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Baroness Ashton of Upholland: My Lords, my noble friend has great experience of the issues, and I agree with her that all political parties have sought to maximise the opportunities provided by postal voting.

Lord Forsyth of Drumlean: My Lords, what has happened to the concept of accountability in government? This issue has arisen not because of what happened in 1948 but because the Government chose to change the rules in the teeth of opposition in this House and from the Electoral Commission. How can the Minister say that the Labour Party has no responsibility? The Labour Party is the Government, and the Government did this. I greatly admire the Minister, but I do not understand why the noble and learned Lord the Lord Chancellor is not here to deal with the matter, which is of the utmost seriousness.

While we are on the subject of accountability, I ask why no Minister or no representative of the Electoral Commission was available to speak on the "Today" programme and other programmes this morning, when the whole nation was appalled by what had
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happened in Birmingham. The commission seems to bombard us with paper every day of the week, so why was there silence on this subject? Are the Government hoping to sweep it under the carpet because it is embarrassing? The embarrassment comes from the failure of the Government to listen to advice and their determination to do everything possible to get their vote out in the face of the disillusion among their supporters.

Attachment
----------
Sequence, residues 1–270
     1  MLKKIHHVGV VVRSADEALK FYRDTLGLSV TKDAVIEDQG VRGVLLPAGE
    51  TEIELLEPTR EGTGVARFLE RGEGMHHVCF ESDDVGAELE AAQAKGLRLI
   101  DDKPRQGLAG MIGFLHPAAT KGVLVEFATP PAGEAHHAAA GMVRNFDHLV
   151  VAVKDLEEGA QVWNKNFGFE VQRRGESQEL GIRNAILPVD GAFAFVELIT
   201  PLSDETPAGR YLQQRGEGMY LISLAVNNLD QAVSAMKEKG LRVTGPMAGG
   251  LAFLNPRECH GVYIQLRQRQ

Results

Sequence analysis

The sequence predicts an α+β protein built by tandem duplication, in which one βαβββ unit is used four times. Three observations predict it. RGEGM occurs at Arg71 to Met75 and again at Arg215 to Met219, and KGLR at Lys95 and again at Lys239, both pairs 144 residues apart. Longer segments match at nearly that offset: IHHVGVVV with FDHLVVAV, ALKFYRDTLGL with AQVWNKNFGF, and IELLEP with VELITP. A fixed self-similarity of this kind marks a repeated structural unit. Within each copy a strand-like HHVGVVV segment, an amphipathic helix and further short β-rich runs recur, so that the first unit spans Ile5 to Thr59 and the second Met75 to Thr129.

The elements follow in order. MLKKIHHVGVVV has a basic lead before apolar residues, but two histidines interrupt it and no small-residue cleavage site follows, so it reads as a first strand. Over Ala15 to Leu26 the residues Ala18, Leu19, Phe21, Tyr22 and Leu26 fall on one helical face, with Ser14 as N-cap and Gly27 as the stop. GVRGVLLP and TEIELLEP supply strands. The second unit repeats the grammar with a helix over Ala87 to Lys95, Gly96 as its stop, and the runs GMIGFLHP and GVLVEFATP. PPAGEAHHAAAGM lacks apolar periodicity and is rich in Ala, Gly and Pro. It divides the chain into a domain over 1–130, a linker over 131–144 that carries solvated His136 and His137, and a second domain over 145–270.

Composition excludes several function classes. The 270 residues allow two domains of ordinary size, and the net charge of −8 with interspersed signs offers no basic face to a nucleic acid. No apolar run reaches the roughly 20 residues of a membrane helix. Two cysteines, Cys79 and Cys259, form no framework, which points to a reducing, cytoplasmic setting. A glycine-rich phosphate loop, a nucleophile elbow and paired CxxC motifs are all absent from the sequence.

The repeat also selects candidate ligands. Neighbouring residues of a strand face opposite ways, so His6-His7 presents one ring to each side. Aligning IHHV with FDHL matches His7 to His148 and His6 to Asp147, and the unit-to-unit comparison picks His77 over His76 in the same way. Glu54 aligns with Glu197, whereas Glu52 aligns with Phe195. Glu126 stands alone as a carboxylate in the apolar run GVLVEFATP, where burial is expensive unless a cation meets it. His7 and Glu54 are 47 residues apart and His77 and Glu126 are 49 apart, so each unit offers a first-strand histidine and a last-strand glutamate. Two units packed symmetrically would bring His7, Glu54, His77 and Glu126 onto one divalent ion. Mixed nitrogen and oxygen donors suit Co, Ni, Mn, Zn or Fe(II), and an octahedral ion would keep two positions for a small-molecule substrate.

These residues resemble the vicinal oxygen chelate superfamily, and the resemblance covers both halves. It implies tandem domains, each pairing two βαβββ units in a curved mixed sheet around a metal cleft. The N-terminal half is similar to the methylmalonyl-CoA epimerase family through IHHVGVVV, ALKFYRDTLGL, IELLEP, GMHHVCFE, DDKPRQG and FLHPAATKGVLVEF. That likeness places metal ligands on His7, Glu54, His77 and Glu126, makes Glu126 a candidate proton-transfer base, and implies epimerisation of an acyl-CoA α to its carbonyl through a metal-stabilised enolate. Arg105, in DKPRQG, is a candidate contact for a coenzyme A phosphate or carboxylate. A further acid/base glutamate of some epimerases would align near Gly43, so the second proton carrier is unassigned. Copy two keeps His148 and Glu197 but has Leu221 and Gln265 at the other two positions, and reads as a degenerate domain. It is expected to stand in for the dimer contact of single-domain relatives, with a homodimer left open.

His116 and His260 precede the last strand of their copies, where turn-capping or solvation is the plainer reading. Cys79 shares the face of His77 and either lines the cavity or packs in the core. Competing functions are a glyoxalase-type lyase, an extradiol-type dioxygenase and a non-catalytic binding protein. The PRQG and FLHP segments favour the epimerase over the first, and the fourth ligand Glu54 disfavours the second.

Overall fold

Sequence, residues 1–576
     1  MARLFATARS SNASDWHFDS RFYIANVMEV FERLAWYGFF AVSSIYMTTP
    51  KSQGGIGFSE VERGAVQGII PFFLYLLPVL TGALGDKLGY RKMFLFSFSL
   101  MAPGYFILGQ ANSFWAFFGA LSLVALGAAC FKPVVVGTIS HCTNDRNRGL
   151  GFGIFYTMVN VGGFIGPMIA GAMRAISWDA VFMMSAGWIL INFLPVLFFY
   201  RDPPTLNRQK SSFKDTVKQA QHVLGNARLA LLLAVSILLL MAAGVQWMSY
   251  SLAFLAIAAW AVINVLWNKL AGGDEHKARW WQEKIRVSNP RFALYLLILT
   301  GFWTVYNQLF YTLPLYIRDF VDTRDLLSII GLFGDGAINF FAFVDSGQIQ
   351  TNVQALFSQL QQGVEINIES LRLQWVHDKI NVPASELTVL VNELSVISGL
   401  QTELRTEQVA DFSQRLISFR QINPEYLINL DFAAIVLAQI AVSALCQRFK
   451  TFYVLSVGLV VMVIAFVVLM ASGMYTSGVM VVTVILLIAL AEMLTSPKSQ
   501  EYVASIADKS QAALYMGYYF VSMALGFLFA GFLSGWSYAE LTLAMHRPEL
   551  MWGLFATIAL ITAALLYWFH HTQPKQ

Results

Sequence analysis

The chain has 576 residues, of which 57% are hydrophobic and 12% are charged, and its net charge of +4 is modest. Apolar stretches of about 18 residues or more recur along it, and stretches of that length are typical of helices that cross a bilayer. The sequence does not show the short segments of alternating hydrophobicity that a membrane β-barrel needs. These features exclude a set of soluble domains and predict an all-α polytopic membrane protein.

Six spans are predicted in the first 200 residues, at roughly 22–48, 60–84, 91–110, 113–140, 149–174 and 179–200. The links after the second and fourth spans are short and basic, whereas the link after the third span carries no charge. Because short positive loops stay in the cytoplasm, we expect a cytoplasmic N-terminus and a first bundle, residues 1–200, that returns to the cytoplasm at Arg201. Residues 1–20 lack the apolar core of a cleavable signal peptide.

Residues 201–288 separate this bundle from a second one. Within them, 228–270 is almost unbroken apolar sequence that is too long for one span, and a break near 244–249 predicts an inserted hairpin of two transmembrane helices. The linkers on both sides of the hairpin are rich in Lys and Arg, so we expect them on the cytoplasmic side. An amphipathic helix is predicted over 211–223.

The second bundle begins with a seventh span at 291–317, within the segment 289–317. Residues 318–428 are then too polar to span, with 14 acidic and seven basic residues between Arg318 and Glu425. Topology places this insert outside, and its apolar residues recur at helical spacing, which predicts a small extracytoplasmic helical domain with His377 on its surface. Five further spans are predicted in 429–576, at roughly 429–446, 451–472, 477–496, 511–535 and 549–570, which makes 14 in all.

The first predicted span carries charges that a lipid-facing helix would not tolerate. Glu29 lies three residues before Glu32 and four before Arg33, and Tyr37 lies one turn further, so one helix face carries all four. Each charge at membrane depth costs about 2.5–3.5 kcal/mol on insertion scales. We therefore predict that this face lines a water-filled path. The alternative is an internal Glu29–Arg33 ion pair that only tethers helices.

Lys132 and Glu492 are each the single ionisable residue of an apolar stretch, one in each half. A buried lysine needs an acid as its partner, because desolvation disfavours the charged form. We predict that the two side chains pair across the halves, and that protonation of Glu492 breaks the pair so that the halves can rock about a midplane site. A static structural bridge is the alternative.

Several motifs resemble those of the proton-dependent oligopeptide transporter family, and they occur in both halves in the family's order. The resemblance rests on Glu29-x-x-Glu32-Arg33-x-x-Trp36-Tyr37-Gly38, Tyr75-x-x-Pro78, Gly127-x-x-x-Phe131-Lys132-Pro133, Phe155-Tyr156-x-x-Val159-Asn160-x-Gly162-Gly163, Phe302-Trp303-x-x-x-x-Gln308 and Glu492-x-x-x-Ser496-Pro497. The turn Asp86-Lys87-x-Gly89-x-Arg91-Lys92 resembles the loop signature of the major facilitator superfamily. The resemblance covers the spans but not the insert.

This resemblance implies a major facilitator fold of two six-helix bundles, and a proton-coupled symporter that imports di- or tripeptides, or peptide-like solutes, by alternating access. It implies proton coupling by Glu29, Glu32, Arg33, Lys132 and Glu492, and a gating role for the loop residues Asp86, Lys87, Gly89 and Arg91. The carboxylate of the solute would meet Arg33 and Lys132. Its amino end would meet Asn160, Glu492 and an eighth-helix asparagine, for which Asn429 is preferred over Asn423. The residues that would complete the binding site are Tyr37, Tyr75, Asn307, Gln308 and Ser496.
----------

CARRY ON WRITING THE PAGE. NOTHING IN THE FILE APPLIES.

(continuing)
Baroness Ashton of Upholland: My Lords, sometimes I cannot win. Yesterday, it was clear to me that we should make a Statement on the matter, and I felt that it was right and proper to make the Statement to Parliament, rather than on the "Today" programme. I also think that it was important to have the full judgment before us—as I said, I have not had a chance to read the 192-page judgment in detail, although I shall—to make sure that we did not in any way say anything that was not appropriate. I make no apology for coming to the House first; that is right and proper.